Part 1:    Order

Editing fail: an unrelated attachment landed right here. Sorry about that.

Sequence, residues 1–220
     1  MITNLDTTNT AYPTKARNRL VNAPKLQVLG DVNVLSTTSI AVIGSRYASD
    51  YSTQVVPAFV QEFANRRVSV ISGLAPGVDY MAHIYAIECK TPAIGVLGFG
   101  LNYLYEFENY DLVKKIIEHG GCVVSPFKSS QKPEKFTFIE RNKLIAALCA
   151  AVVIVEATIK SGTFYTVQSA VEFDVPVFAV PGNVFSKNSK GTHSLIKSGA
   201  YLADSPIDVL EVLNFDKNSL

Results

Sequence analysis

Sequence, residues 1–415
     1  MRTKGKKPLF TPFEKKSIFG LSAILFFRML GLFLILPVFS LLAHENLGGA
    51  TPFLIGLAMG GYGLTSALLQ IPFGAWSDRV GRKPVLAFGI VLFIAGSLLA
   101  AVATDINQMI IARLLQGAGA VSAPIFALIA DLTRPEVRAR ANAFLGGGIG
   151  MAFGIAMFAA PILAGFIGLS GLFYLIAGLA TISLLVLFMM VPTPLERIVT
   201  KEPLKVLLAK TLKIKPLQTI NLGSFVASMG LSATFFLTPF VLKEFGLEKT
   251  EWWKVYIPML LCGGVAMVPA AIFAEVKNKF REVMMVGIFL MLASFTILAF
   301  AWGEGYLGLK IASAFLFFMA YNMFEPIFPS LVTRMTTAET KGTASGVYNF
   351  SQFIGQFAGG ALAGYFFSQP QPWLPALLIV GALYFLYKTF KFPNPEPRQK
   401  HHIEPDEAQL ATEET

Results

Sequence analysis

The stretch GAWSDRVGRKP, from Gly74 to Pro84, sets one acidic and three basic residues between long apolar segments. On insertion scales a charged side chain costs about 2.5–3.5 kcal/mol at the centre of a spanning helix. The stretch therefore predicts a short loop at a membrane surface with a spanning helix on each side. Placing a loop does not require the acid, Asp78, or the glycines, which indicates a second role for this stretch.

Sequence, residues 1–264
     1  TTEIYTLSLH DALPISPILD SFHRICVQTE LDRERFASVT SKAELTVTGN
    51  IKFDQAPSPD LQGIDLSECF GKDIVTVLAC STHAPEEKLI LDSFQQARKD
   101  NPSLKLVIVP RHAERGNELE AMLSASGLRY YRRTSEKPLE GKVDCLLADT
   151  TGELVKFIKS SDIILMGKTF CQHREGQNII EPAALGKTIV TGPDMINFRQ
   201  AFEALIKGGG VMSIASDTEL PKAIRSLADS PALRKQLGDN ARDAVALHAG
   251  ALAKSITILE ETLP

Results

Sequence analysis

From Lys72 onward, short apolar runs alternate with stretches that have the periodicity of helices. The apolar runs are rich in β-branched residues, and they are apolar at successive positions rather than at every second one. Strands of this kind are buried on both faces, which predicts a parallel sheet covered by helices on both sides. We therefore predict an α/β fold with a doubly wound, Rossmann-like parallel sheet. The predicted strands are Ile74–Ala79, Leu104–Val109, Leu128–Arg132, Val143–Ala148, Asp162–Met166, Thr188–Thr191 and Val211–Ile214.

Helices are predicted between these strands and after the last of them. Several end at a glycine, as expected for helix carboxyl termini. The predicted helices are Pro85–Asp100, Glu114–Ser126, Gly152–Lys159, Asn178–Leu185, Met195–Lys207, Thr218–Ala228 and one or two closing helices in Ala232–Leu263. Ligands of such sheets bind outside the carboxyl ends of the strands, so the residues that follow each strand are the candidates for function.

In the history, the European musical theory and aesthetics constituted by an empirical-rational method the system of musical rules: the laws for the construction of musical works, based on seven-tone tonality. The major - minor tonal system with a tonic as the tonal center dominated in the whole European musical tradition for the centuries. From the basic statement that the laws of mathematics and proportions (arithmetical, geometrical and harmonical) could describe the nature, Pythagoreans derived the theory of musical harmonies, identifying it with the harmony of the well-organized universe. Beginning from the tetrakis – 1, 2, 3, 4 – the ordered sequence of small natural numbers, and forming their proportions 1:2, 2:3, 3:4, the three basic proportional vibrations - octave (1:2), perfect fifth (2:3) and perfect fourth (3:4), and the natural overtone series are derived. Pythagoras (or the Pythagoreans) made two important statements with regard to them, one an aesthetic claim, the other a mathematical observation. The aesthetic claim was that they believed that each of the planets emitted a tone, and that the universe thus resonates with a "music of the spheres" of which the natural overtone series on our earth is only an image. The mathematical observation regarded the circle that can be built from the interval represented in the second proportional vibration 2:3 (the perfect fifth), in relation to the sequence built from the first, 1:2 (the octave). In solving the problem of the Pythagorean comma (the difference between the tone obtained as a result of stacking twelve consecutive perfect fifths from that reached in seven octaves), as the result of tempering (the tuning based on perfect fifths and octaves) it was obtained the chromatic scale with twelve equal semitones. (Well-tempered tuning was devised by Werckmeister, a contemporary of J.S. Bach, hence the "Well-tempered Clavier"). The tones of that scale may be simply denoted as 0,1,...,11 (mod 12), where the enharmonic tones are treated as the same, and where the unit is a semitone. In fact, the result was a symmetrization: the division of octave in twelve equal semitone intervals. During the history, from all modes two of them are distinguished: the major (Ionian) and minor (Aeolian). In the sense of their meaning and emotional-symbolical role they are a well-known example of antisymmetry . According to the notation introduced, C major will be represented by the sequence 0,2,4,5,7,9,11, D major by 2,4,6,7,9,11,13, C minor by 0,2,3,5,7,8,10, etc., where all that sequences are periodic mod 12. To every major corresponds the same sequence of intervals (measured from the first tone): 0,2,4,5,7,9,11, and to every minor the sequence 0,2,3,5,7,8,10. The interval i between any two tones will be the number of semitones between them (i.e. the difference of the numbers corresponding to that tones), so to the octave corresponds the interval 12, to the perfect fifth the interval 7, to the perfect fourth the interval 5, etc., where all tones and intervals could be reduced mod 12 (so-called vertical reduction). For a reduced interval i, its complement is i'=12-i. Except the mentioned (global) antisymmetry, in every tonality we could discover the basic (local) antisymmetry: the relationship between the complementary intervals (e.g. third – sixth, forth - fifth...). The only interval, equal to its complement is the tritone interval (i=6), the ambiguous interval having a double meaning (unperfect forth (i=6=5+1) or unperfect fifth (i=6=7-1)), the main dissonance, center of instability in every tonality. If we identify the complementary intervals (i.e. if we reduce them to the minimal interval between two tones by taking min(i,i') reduced mod 12), for every two tonalities we could consider the number of their joint tones in an octave, called the coefficient of similarity. In the following table (Fig. 1), in the case where the both of tonalities are natural majors or natural minors, this coefficient is denoted by k, and i is the interval between the first tones of the considered tonalities. For example, for C major (0,2,4,5,7,9,11), and D major (2,4,6,7,9,11,13), the interval between their first tones is i=2, and because in one octave they have five joint tones (2,4,7,9,11), their coefficient of similarity is k=5; for c minor and f minor we have i=5 and k=6, etc. For two tonalities, where the first of them is a major, and the other a minor, the coefficient of similarity is denoted by K; if the first tonality is a minor, and the other a major, it is denoted by K', and i is, as before, the interval between their first tones. For example, for C major and d minor, we have i=2 and K=6; for d minor and F major i=3 and K'=7, etc. This way, we could notice the first (anti)symmetry property: the coefficients of similarity for the tonalities of the same type (major - major or minor - minor) are mirror symmetrical, and the coefficients of similarity of opposite tonalities (major - minor) are point-symmetrical. In the both cases, the symmetry element (the mirror axis or the center of symmetry) coincides with the point 6, this means, with the tritone interval (i = 6) (Fig. 1). Figure 1 Continuing with this approach, we may prove the remarkable fact: the tonal system major - minor is completely invariant with regard to the complementarity of intervals. First, we could try to explain, by using only the symmetry arguments, the reasons for the priority of major (Ionian) - minor (Aeolian) modes in the complete system of modes, and to show why exactly those two modes (Ionian and Aeolian) are distinguished (by the empirical "natural selection") in the history of European music. The basis of all modes is the periodic tone sequence ...0,2,4,5,7,9,11... with the period 12. All particular modes are derived from it by different choices of the beginning point. For example, if we start from 0 and reduce all the intervals to their minimal intervals (i.e. if we identify the complementary intervals with their minimum), the following table of the interval structure for all possible modes is obtained: 0 2 4 5 5 3 1     that could be, according       0 2 4 5 5 3 1 2 0 2 3 5 5 3     its symmetry, reduced to         0 2 3 5 5 3 4 2 0 1 3 5 5     the diagonal table:                      0 1 3 5 5 5 3 1 0 2 4 6                                                         0 2 4 6 5 5 3 2 0 2 4                                                            0 2 4 3 5 5 4 2 0 2                                                               0 2 1 3 5 6 4 2 0                                                                  0 If we denote the intervals 6, 5, 4, 3, 2, 1 by the corresponding colored lines, as the result we obtain the following circle diagram (Fig. 2). From that diagram, we can notice two important properties: (1) the singularity of the interval i=6; (2) the mirror-symmetry of the diagram. The mirror axis contains the point 2 and passess between the points 7 and 9. We could observe here the tritone triangle with the vertices 2,5,11. Because it represents the center of instability, its vertices are not acceptable for the first tone of any tonality. Among the remaining points we have two pairs of mirror-symmetrical (this means, equivalent) points: 0,4 and 9,7. This means, that we have only two possible nonequivalent beginning points: 0 and 9. Taking the first, we obtain the sequence of the intervals 0,2,4,5,7,9,11 corresponding to all major tonalities (Ionian mode), and from the other results the sequence 0,2,3,5,7,8,10, corresponding to all minor tonalities (Aeolian mode). Because the tritone triangle is the center of instability in every tonality, for any triad (or chord) we may define its coefficient of stability s as s=3-t (or s=4-t for a four-tone chord), where t is the number of the joint tones of that triad (or chord) with the tritone triangle. The already noticed mirror-symmetry remains preserved in all the harmony levels: in the (anti)symmetrical distribution of major and minor triads and chords, in the position of the main and other harmony functions (T, S, D, s, d), in the distribution of the coefficients of stability, etc. Different symmetries, resulting from the basic symmetrical organization of the tonal system occur in the case of all triads and chords, and together with their individual symmetries represent the standardized patterns of tonal music. Figure 3 shows all the seven possible four-tone chords (given by the intervals) and their symmetries. The mirror-axes are denoted by the white lines, antisymmetry axes by the red broken lines, and the centers of antisymmetry by the red dots. Figure 3 This way, after the mutual identification of complementary intervals (e.g. third – sixth, forth - fifth...), (i.e. by reducing all the intervals between two tones to the minimal ones), we succeeded to discover the basic symmetry of the major - minor tonal system: its complete invariance with regard to the complementarity of intervals. As the result, all the important parameters of the tonal system (e.g. number of joint tones for two tonalities, the chord structure of every tonal system, etc.) are symmetrical with regard to the tritone interval i=6. From this basic symmetries resulted a large number of symmetries in the complete harmony level of the tonal music. So, in the beginning it was the ORDER.